Schools were some of the first places to close as governments around the world started to respond to the Covid-19 pandemic, and in some countries, they’ve already started to open up again. But as kids head back into schools (famously germ-infested places) – parents and teachers are faced with a new dilemma: how do you keep kids apart?
So far, there is minimal evidence to suggest that children can be severely affected by Covid-19. In addition to the fact that getting children back into schools would ease the burden on working parents, this has led governments that are starting to ease their lockdowns to start sending some kids back to school.
Authorities in countries where schools are reopening have guidelines about how best to make sure that schools don’t become a source of Covid-19 transmission within communities.
Dropping off kids at staggered times, and they aren’t allowed into the school. Schools have more handwashing facilities, and surfaces and toys are cleaned twice a day.
Depending on their age, children were made to socialise in groups of three or six – older children could socialise in groups of six – and at many schools, white lines, smiley faces and other markings were used to mark out 2 metres. Children also aren’t allowed to bring in toys from home either, and classes had a maximum capacity of 15 students.
Denmark has also reopened schools – not just for children in kindergarten, but also children in the first five years of school. Children are encouraged to play at a respectful distance from each other, and have staggered playtime, and are reminded to wash their hands and sanitize as they come indoors. In some schools, individual desks have been brought in from classrooms which are being used, so that children don’t have to share tables. There is roughly one teacher to every 10 students, and children are being asked to do classes outside – with marquees – as much as possible.
They’ve also recommended 2 metres between tables as well as 6 square metres per child. Surfaces like door handles, taps, and tables are expected to be disinfected twice a day.
In both Denmark and Norway (as well as Iceland and Sweden, neither of which actually closed primary schools), young children have been the first to go back. Although they’re the age group that’s most likely to touch everything they possibly can, there’s little evidence to suggest that children face severe health consequences as a result of Covid-19.
For students around China, other provisions have been put into place – such as making masks compulsory, and installing thermal imaging cameras around schools so that children have their temperature taken as they head into buildings. In one primary school in Hangzhou, an eastern region of China, students were made to wear “one-metre” hats – which had a piece of plastic extending out from either side of their head – to maintain an appropriate social distance.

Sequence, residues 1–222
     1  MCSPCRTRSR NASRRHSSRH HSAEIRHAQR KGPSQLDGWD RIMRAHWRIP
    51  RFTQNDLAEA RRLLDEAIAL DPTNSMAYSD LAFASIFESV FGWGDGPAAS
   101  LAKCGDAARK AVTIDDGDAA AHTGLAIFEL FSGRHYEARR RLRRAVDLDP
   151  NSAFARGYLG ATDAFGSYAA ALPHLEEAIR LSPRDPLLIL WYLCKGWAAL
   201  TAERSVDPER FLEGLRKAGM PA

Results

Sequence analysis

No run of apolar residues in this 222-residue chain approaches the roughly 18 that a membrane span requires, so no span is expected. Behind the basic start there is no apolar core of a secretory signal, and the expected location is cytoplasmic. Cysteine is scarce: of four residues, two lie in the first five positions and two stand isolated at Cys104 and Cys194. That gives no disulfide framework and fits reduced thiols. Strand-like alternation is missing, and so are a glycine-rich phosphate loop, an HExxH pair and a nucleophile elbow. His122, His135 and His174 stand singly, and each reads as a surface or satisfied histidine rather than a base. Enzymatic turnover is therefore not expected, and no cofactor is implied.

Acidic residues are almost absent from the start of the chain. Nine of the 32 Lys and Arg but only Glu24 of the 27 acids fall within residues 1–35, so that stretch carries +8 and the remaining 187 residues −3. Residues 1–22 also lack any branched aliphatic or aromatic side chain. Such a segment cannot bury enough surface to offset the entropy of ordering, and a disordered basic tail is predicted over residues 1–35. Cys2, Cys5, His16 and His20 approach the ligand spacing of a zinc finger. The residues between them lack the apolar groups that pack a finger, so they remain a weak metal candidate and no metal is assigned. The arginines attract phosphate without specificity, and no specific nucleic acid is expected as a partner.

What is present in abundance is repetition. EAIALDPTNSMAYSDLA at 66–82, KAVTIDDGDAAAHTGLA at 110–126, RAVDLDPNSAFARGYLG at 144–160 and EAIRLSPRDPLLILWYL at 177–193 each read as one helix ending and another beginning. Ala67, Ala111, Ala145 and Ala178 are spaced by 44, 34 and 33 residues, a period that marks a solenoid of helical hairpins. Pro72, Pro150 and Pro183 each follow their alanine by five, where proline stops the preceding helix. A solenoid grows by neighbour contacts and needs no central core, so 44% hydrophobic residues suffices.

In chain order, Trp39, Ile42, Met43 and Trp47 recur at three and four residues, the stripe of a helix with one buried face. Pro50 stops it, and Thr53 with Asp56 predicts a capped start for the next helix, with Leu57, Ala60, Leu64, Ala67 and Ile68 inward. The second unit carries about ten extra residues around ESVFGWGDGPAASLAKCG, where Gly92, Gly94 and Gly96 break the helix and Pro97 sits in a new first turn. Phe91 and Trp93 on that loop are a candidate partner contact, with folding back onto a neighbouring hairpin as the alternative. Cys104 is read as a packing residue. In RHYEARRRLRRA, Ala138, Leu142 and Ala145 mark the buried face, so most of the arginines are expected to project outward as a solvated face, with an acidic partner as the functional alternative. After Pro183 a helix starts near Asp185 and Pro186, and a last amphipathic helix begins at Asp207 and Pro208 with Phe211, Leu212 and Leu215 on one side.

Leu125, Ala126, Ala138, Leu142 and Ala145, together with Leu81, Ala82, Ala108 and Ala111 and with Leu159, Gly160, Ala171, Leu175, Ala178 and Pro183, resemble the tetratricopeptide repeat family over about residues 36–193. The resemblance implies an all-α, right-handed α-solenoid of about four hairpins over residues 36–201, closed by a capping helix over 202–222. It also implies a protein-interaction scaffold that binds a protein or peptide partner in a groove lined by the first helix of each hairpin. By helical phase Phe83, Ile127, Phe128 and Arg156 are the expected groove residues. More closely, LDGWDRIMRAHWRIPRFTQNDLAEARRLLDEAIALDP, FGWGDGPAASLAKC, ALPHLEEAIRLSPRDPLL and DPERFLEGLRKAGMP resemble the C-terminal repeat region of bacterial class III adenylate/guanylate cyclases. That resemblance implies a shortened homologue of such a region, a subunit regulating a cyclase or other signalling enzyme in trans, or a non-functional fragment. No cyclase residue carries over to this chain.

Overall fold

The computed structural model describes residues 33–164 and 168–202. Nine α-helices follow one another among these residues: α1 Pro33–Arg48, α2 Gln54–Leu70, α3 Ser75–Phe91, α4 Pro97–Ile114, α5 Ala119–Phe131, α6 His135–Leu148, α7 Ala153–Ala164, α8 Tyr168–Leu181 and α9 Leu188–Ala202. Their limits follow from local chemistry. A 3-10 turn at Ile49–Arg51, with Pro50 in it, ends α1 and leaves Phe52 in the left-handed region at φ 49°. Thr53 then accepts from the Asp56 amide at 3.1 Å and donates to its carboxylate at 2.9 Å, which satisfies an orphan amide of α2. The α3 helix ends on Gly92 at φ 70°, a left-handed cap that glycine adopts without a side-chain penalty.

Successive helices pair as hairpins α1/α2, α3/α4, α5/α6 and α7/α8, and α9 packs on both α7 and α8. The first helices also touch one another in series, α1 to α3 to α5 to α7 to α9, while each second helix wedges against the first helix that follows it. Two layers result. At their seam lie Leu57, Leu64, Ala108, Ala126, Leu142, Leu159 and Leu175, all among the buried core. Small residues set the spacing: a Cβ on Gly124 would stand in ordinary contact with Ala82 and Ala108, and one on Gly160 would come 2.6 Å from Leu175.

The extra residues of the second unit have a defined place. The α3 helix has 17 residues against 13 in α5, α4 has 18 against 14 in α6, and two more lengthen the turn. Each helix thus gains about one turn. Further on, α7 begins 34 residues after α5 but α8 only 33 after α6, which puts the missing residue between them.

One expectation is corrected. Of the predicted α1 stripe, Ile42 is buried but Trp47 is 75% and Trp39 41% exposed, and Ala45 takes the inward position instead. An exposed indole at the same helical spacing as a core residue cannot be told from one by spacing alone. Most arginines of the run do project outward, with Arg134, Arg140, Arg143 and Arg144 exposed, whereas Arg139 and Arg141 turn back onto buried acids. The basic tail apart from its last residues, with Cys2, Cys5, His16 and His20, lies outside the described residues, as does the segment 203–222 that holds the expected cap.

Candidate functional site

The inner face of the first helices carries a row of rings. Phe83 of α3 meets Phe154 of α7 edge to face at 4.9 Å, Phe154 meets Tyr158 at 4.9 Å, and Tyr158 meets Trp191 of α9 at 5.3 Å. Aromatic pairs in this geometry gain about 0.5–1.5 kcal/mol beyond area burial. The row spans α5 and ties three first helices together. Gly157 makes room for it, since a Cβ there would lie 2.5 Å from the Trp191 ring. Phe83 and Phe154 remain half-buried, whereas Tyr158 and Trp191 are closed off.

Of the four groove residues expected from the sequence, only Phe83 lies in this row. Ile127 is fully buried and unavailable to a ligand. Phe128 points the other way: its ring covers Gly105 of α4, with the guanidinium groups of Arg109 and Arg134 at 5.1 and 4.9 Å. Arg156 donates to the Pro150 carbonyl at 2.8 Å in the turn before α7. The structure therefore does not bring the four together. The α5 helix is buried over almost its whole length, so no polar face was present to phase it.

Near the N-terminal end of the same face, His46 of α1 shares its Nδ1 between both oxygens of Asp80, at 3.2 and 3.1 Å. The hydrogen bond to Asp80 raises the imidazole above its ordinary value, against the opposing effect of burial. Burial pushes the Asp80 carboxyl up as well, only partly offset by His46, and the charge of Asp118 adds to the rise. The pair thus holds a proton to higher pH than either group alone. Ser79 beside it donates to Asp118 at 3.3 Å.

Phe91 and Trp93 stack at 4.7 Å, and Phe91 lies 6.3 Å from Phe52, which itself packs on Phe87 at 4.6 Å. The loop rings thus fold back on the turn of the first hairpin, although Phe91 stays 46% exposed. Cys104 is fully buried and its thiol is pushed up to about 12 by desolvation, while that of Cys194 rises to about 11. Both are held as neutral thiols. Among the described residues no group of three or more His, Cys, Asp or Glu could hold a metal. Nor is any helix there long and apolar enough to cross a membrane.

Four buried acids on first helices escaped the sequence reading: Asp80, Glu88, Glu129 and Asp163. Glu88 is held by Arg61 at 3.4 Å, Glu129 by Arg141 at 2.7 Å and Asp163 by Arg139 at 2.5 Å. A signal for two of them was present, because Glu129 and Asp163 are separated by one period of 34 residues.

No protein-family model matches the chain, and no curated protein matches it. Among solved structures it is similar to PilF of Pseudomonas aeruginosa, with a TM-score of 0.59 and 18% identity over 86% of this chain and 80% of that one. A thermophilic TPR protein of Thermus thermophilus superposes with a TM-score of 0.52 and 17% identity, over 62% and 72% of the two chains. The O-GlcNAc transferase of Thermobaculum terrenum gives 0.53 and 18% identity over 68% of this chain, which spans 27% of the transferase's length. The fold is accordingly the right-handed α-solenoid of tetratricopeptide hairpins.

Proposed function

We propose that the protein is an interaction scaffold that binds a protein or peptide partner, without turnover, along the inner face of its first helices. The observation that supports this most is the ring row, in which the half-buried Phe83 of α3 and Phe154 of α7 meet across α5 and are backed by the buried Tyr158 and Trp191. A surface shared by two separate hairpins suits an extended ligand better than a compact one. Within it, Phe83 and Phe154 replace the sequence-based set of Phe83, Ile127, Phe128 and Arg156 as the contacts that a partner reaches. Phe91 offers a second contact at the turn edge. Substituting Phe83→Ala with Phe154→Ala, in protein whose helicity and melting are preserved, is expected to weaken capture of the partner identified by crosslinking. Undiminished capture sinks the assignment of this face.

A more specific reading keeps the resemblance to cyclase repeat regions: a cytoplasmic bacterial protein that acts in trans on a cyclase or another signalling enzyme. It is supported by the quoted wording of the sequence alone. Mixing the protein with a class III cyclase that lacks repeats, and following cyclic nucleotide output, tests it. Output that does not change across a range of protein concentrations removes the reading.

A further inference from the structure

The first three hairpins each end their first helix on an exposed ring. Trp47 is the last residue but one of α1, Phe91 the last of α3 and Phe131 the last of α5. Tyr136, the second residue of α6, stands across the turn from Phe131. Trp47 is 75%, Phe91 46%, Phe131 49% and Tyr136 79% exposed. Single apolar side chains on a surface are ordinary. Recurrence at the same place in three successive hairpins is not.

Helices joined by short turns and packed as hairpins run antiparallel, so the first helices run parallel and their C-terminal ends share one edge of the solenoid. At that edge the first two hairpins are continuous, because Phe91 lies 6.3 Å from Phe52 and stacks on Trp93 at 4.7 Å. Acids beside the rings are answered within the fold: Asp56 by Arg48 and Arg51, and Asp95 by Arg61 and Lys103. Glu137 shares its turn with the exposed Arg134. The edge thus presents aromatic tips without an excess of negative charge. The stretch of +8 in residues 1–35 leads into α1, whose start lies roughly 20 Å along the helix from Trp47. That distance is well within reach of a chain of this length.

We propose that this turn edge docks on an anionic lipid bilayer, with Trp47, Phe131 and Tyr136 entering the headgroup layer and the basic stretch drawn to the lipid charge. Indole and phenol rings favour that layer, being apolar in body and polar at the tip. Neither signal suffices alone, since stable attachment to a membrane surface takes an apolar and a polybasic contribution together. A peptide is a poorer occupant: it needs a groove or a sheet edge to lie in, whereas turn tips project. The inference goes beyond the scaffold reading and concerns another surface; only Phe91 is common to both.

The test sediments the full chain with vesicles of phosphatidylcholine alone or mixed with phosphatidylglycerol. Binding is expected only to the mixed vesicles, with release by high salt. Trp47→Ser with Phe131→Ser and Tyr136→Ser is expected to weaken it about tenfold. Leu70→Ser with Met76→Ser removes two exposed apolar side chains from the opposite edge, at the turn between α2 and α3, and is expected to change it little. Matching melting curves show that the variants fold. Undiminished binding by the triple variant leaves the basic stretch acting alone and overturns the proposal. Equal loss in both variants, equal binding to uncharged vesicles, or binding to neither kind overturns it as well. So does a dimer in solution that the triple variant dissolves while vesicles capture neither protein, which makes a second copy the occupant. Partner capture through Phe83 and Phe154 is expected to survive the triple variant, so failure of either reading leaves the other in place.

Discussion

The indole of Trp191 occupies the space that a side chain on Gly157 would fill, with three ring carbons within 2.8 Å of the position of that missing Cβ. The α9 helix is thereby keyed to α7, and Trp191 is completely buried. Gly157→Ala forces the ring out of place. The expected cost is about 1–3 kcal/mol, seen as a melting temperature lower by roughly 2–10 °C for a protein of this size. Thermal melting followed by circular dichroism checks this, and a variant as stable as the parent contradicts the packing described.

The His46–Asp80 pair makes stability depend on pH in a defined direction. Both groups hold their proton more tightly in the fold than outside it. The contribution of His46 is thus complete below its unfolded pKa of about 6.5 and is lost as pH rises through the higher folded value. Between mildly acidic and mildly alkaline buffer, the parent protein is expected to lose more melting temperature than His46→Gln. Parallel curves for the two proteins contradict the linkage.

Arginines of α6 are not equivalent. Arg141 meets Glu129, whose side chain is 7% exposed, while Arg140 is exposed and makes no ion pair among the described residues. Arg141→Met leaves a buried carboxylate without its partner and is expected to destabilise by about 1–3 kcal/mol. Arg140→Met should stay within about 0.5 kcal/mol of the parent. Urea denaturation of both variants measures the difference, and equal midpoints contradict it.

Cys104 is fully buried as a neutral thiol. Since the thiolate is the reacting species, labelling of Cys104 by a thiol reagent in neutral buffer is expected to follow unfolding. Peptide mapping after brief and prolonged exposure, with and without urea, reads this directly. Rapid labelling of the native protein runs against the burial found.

'First grade primary school students resume classes in Hangzhou, China. It is interesting to observe that all of them are wearing specially-designed hats, which help them to keep the 1-2 meters social distance.'— t (@myetcetera) April 26, 2020
Source: https://t.co/9VxMj9YXOP pic.twitter.com/RchMHC4G8E
Schools in China after their lockdown is lifted. This might also be the new norm around the world. pic.twitter.com/g5L3xwHx9o— Toon Seri Anthraxxxx (@anthraxxxx) April 22, 2020
These measures are more intensive than the measures put in place elsewhere, which haven’t included infrared imaging or compulsory mask-wearing in the same way.
However, schools in China have reopened for all ages, not just for kindergartners or kids who are in primary school.
Similarly, in Taiwan, students and staff wear masks and have to undergo security measures when they get to school. Windows and air vents in classrooms have been opened up, and any schools with two or more confirmed Covid-19 cases must close.
A school in Taipei the capital of #Taiwan has started dividers during lunch to protect students from #coronavirus.— Goran Shakhawan (@GoranShakhawan) April 29, 2020
The East #Asian country has only confirmed 500 cases with 6 deaths. pic.twitter.com/AP2NgWUA6n
Gotta say Taiwan do the great job for the covid 19~ everything as usual just need to wear mask. Kids goes to school , ppl go work as noraml… I’m glad I’m in Taiwan 😀 pic.twitter.com/uQTbXYkvhF— Natalie w. Lee 唯 (@weirdswei) April 26, 2020
In other countries, schools will start to reopen soon, on a staggered basis. In Germany, which is split into different regions with their own governments, some regions will be reopening schools on the 4 May, with students who are set to take exams or graduate being able to go back to school in regions like Berlin.
Children in primary school will also be allowed back into school in those regions. However, schools have remained open for the children of essential workers – in these schools – and social distancing measures like those in Norway, have been put in place.
Culled from Independent Uk